From my point of view the maintenance tasks that Joshua Marshall refers to are, on a PC, both functional and reassuring ways of dealing regularly with your computer. We believe that when we defrag the hard drive, clean up the registry, etc. we are keeping things lean, clean and running smoothly. The idea about getting under the hood when I need to probably emerges from experiences like upgrading a video card, adding a wireless device or replacing a broken hard drive—things that can be done inside the box and give us the sense that, if something goes wrong we can probably fix it instead of digging out the receipt and lugging it back to the store…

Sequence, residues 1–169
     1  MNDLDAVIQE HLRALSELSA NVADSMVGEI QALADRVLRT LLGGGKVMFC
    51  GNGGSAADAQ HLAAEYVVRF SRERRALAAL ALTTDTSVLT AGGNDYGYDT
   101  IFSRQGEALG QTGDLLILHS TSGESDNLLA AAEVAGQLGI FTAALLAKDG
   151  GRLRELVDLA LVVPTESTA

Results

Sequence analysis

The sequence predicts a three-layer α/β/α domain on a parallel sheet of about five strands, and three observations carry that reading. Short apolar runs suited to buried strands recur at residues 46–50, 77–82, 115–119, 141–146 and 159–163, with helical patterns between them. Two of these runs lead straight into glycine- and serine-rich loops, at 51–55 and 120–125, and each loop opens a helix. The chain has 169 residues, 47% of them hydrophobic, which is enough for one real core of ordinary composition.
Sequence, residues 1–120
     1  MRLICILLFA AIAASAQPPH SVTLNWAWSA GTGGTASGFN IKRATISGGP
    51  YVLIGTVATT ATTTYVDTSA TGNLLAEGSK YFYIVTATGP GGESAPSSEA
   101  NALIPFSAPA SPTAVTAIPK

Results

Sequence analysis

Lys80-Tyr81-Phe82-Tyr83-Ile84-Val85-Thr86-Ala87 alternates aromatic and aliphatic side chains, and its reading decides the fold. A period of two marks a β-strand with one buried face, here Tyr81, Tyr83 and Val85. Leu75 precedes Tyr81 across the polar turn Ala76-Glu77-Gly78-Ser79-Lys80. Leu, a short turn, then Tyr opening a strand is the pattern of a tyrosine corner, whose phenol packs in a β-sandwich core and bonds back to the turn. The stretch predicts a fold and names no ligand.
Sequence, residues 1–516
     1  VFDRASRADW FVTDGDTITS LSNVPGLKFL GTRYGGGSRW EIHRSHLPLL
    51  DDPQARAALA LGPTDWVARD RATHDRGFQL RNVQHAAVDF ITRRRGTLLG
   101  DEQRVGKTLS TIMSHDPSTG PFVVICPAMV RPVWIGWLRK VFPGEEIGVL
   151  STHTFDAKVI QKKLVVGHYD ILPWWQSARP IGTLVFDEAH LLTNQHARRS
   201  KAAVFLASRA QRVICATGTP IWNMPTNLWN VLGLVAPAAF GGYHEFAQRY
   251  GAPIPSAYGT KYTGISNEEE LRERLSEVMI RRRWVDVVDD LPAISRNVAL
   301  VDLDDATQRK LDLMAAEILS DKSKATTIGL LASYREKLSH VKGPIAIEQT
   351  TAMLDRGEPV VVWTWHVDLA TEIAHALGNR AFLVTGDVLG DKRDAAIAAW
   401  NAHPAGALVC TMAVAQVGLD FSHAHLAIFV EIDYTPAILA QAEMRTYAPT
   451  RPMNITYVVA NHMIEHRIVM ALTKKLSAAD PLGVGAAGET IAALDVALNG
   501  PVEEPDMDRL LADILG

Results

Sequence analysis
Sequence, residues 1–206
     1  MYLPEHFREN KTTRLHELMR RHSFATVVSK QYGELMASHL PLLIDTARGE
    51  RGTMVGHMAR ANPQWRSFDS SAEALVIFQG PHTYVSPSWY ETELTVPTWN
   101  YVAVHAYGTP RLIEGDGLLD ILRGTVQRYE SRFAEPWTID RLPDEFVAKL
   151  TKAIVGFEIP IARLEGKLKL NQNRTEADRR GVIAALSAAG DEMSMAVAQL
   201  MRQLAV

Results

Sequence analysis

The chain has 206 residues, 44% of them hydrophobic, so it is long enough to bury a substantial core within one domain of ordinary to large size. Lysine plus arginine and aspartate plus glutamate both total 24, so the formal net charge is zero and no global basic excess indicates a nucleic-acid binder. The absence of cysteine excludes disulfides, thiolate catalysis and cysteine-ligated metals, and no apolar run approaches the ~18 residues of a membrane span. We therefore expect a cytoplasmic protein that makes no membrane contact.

On a Mac life is simpler, but I'd make two points: (1) you don't really know that unless you've either had one, or as happened to me, you hang out with people who pour so much scorn on PCs that it gets you thinking about what it would be like… and (2) Macs really don't give you as much feedback about what they are doing, at least not through the GUI. This can be a good or a bad thing. I think that in contrast to Windows XP, someone who wants to learn how to get things done using the command line in OS X is faced with a much more daunting task—if, that is, they learned how to fiddle around with computers through DOS, not UNIX. And let's face it, that's probably a lot of people.